Documentation Needed to Conclude Divorce in Missouri, Illinois, Kansas, Oklahoma, and Nebraska
Resolving the property division portion of a divorce can be more difficult than many think. To settle a divorce, the marital settlement and separation agreement must indicate who is getting every piece of marital property and debt. In doing this, many parties going through a divorce are surprised by the need for identifying information to draft the final settlement documents.
For example, as it relates to marital property and debt, being less than clear about who is getting specific marital property and debt is often not enough to satisfy a judge. In other words, with real property, the legal description of that real estate must be in the marital settlement and separation agreement. Without it, most judges will not sign the divorce decree.
Consider other items of marital property and debt as well like automobiles. The vehicle identification (VIN) numbers for automobiles should be in the settlement paperwork to satisfy a judge and to transfer the title to the state licensing bureau, if necessary. Otherwise, most judges will not sign the divorce decree. The same standard applies to boats, trailers, and other vehicles.
Additionally, with bank accounts, investment accounts, 401s, IRAs, and other important assets, account numbers must be contained in the settlement documents. Or, in some jurisdictions, the last several digits of the account number, and the name of the institution where the account, is located minimally may be needed to satisfy a judge. In most instances, leaving that information out will result in many judges refusing to approve the settlement.
The same applies to marital debt. Only listing “Visa” or “MasterCard” is almost always problematic in settlement paperwork. Instead, most parties want to at least include the last four digits of the account number, the precise type of Visa or MasterCard, and the balance owed.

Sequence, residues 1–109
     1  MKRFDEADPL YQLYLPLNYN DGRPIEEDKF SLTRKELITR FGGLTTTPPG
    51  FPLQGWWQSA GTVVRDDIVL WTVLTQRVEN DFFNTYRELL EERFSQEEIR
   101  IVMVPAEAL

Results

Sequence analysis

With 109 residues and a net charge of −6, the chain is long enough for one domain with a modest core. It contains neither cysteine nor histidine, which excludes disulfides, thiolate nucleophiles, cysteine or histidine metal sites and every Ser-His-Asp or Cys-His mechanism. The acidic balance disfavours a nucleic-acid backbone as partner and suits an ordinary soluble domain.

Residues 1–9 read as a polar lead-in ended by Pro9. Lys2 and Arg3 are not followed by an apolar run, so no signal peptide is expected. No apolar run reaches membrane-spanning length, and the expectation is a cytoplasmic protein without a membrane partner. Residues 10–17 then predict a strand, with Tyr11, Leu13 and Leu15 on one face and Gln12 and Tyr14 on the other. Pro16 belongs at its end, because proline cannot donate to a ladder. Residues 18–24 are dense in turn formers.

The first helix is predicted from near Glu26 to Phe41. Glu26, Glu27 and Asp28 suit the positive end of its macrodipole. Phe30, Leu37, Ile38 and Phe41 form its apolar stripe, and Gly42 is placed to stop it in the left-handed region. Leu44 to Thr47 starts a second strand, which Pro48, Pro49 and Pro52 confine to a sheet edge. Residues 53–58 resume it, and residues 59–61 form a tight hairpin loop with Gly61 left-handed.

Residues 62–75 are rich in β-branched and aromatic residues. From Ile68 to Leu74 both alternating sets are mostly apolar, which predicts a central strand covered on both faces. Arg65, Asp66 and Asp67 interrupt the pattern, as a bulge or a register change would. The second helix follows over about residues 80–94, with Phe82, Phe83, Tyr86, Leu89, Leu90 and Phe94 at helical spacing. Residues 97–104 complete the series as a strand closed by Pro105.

What if the Judge Signs the Documents Without Verifying Information?
Should the family court judges sign and approve settlement documents without information like this, future litigation could often result. In other words, it could cause parties to disagree about what was agreed upon. It might result in third parties (like banks, lending institutions, licensing bureaus, investment companies, retirement account companies, etc.) not enforcing the terms of the settlement.
While it might feel like a scavenger hunt, it is critical that a party going through a divorce gather all of this documentation at the beginning of this case. If they do not possess it, it is normally wise to let their attorney know where they might get it.
If a party is not sure what is necessary and what is not, it is important to discuss this with legal counsel. However, when there is uncertainty, it is almost always better to play it safe and retrieve the information, if possible.
If a case cannot settle and the trial results, it is vital that the judge have this information as well. Without it, it can be very difficult for the judge to divide marital property and debt fairly and effectively in the divorce judgment without it.
Contact Our Multi-State Property Division Divorce Lawyers in Missouri, Illinois, Kansas, Oklahoma, and Nebraska Today
If you are going through a divorce with assets, Stange Law Firm, PC can help. You can contact us online or call us at 855-805-0595. We have locations in St. Louis, Chicago, Kansas City, Springfield, Columbia, Wichita, Topeka, Oklahoma City, Tulsa, Omaha, Lincoln, and beyond.